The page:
More Tips to Help You Celebrate the Holidays Sustainably.

7. Food Waste during the Festive Season

Yes, we all know about food waste in general and how much it contributes to the environment. But, I'd love to share tips just to make your journey along the zero-waste path a little easier. Christmas is a time for giving. Sadly, this is downplayed. As the saying goes ‘it is not to be done but do it anyway’. During the festive season, an estimated 4.2 million Christmas dinners are scraped into the trash. Instead of scraping leftovers down the drain, try packaging them and dropping them off at a homeless shelter.

8. Food Packaging

During the festive season, more food is bought. As a consumer, you can ensure that the food you purchase during this time is packaged sustainably, you can do this by using your produce bags when purchasing naked fruit and vegetables.

9. Cards

Christmas cards are bought and given to loved ones and people who truly mean something to you. This is an amazing thing to do for the people you care about. However, it can be done more sustainably. Consider using digital cards instead.

10. Choose Reusables

Choose food packaging and serving ware that can be reused by cleaning them, even better you can repurpose them as home decor.

11. ‘Re’ everything

Reduce, Reuse, Repurpose, Recycle…

12. Resist Disposables

If you have guests for Christmas, you may be tempted to go with disposables to make cleaning up easier. This would be the perfect time to show off beautiful China that you have kept hidden away.

13. Scratch-made is Best

Make snacks and treats from scratch as well as dessert and pastry. There are tons of recipes on Pinterest that you can follow if you don't have experience in the kitchen. Cooking and baking from scratch create a lot less waste.

14. Make it Digital

Inviting guests for Christmas dinner? Send invitations by email.

15. Compost

If you find yourself having leftover food that is not fit for giving away, you can compost it. Compost is valuable plant food.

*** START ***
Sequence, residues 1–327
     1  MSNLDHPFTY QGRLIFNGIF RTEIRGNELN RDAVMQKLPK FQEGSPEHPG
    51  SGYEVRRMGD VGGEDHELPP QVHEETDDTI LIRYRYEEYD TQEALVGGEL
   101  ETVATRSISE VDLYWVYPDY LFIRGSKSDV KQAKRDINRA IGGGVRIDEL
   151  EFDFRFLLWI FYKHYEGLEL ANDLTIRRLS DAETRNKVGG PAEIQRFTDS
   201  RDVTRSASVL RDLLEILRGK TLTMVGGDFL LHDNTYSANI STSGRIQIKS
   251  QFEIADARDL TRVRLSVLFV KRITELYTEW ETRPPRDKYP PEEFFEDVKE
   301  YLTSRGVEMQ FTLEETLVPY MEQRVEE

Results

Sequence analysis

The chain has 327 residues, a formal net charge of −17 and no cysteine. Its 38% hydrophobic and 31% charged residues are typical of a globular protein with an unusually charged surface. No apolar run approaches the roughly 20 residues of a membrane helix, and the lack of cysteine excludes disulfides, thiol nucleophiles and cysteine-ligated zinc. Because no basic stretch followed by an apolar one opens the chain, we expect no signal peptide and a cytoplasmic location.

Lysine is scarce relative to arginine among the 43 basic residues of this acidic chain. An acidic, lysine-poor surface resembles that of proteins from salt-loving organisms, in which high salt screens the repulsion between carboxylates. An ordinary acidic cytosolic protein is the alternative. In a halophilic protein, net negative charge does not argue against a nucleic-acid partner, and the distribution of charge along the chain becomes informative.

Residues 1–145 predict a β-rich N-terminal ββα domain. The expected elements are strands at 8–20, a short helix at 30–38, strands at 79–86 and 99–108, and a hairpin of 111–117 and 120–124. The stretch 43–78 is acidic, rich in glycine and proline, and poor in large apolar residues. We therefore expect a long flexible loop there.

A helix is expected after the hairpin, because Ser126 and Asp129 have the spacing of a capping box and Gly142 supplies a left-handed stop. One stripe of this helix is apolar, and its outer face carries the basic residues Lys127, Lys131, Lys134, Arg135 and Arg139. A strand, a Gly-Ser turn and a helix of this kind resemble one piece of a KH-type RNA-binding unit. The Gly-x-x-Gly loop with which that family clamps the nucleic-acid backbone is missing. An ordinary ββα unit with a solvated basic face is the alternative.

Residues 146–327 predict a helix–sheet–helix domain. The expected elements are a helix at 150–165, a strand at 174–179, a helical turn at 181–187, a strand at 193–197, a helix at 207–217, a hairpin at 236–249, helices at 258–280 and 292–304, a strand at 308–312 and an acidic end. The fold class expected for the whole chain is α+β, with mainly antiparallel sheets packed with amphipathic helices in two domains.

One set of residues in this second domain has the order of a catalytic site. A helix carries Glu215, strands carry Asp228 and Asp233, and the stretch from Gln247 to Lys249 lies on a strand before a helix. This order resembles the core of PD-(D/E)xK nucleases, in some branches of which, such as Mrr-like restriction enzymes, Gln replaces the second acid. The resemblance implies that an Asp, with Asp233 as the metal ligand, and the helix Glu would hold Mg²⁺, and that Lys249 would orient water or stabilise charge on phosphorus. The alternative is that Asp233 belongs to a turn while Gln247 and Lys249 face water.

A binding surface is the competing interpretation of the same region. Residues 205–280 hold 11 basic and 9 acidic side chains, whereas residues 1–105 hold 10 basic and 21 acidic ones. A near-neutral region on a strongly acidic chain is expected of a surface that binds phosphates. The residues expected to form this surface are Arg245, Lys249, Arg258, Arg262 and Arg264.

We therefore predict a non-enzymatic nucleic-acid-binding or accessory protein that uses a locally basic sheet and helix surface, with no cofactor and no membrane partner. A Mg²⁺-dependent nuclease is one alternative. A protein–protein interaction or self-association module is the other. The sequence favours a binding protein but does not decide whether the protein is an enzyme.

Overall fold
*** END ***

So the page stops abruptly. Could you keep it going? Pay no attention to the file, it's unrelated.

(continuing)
" Be kind and take care of each other"

While you enjoy the festivities of the holidays, please remember those who need a meal and remember the environment that we all depend on to stay alive.

This holiday is going to be anything but normal, especially with lot's of empty sits at the dining tables, but as 2021 closes upon us, let's hope next Christmas will be healthier and a little more ordinary.

I would like to thank you for your support and I wish you a Happy Christmas!

If you enjoyed reading this, share and support me on Instagram, Facebook and Pinterest. Check out the other posts here, for more tips and interesting reads.

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In collaboration with Ecogarantie

A Quick Update

It’s been a while since I last posted and I have a good reason for it. In the past weeks, I exchanged interviews with Mathilde from Ecogarantie and I learnt a lot about labels.

Most often, I read the labels on food products because I want to know how it’s made and where it’s made. Further, I want to make sure that the food I consume is sustainably sourced and of course trying not to eat something that could be detrimental to my health.

I don’t know about you, but when I buy personal care products, I would pay very little attention to what goes into making the products. As long as it’s manufactured in plastic-free packaging, it didn’t concern me what went in it. After learning what Ecogarantie does I realised that I should also consider what goes into making the products I use on my body.

Ecogarantie is a not-for-profit organisation that strives “to offer you the best and safest products there are on the market”.

Read on and find out how Ecogarantie is advocating protecting the environment by extracting 100% organic and biodegradable resources. Further, works closely with producers to ensure transparency is maintained, so consumers know exactly what is in each product.

The Interview: Meet Mathilde

1. Could you tell me about yourself? How did you get involved with Ecogarantie?

My name is Mathilde, I’m 25, I live in France and I’m a Social Media and Public Relations Manager at Ecogarantie since last year. I work with Amelie, Communication and Office Manager.

When I graduated in communications last year, I was looking for a job and I found this one at Ecogarantie. I always wanted to work in a company that shares my values and that acts for a better world. Ecogarantie was a real chance for me!

Also, I love natural and clean beauty, I’ve got a lot of products in my bathroom. When I learned more about Ecogarantie, I saw that they mainly certified cosmetics and hygiene products. So I thought “it’s a job for me!”. I’m very glad to have a job that suits me and that acts for the planet at the same time.

It's great to see that you're doing something that you truly care passionately about.

2. What inspired you to get into environmental and climate activism?

We’re evolving in a world that’s facing more and more disasters. Fauna and flora are threatened, and it saddens me. I love animals, I love my planet and nature. I don’t want it to collapse.